P Hay Hunter
IN THE POLLIN BOOTH
THE election got aye the nearer. I'm no gaun to rehearse to ye aa I gaed throu thae weary weeks: I hae nae wush to caa it back to mind. Jess said nae mair on the subjeck, for she wisna ane o the canglin kind; aince she haed got her say oot, she wis duin wi't. But I coud see it wis maist aye in her thochts, an whiles I catched her takkin a bit greet to hersel, whan she no jalouzed I wis watchin her. An syne I got into an awfu rage at Pringle, an the ill trick he haed played me, for ye coud caa it naethin else.
I coudna gae back on what I haed duin withoot makkin a muckle fuil o mysel. Folk wad ha said that Jims Inwick wis a puir, feckless, harum-scarum cratur, wi nae mair stabeelity nor a weather-cock. That wis what Tam Arnott, an An'ra Wabster, an the rest o them were aye threepin to me; they said I wad loss aa credit wi the tae side, an no win ony wi the tither, if I didna ack up to what I haed said in public. An I minded that auld Liddell o Wedderlairs haed telt me the same thing.
There wis juist ae wey oot o the mess that I coud see, an that wis no to vote at aa. It gaed sair against the grain wi me to staun oot o the fecht, an no to hae my share in the work o governin the nation. But whan I saw the wife gaun throu the hoose leukin sae cuist doun an speeritless, it gart me seek aboot for what I coud dae to please her. I no said a wird to onybody, but as guid as made up my mind that whan the pollin day cam, I wad bide at hame.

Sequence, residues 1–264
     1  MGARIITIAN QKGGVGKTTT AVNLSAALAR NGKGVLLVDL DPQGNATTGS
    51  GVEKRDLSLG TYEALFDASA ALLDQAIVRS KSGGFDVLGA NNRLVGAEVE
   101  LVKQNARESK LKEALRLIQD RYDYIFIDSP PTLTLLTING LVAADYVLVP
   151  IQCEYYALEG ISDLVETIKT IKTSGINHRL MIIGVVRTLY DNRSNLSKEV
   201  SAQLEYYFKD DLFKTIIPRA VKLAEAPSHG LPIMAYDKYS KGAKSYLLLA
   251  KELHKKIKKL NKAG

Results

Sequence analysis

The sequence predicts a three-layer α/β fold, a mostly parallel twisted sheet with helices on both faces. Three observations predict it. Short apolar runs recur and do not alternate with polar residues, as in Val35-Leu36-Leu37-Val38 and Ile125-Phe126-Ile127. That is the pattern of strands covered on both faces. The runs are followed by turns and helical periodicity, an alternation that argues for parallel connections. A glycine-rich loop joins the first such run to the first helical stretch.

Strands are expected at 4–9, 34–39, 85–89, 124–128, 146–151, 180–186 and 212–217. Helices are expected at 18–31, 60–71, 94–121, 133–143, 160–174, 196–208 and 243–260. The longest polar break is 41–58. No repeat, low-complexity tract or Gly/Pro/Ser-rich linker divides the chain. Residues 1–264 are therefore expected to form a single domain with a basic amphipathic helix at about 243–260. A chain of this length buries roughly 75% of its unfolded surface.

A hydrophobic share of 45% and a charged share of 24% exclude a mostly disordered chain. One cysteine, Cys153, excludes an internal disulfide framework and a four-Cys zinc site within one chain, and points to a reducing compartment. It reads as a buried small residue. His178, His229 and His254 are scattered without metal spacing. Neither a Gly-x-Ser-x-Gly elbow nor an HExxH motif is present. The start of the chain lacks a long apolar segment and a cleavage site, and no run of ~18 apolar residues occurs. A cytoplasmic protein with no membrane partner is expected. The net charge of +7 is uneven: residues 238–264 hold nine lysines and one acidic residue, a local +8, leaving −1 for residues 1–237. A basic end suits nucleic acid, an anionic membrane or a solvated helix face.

Weel, the pollin day cam, an Britherston gied us leave to lowse twa hoors afore oor time, at fower o'clock. The chaps were aa in an unco hurry to get their horse sorted, an themsels cleaned up, an be aff doun by to vote an see the fun.
"Are ye no ready yet, Jim's?"--An'ra Wabster cries in to me, as he gaed by the door; "come on, man--ye'll miss the best o't if ye're no quick."
"No," says I, "I'm no ready yet, An'ra. Ye needna wait on me. I'm juist sittin doun to my tea."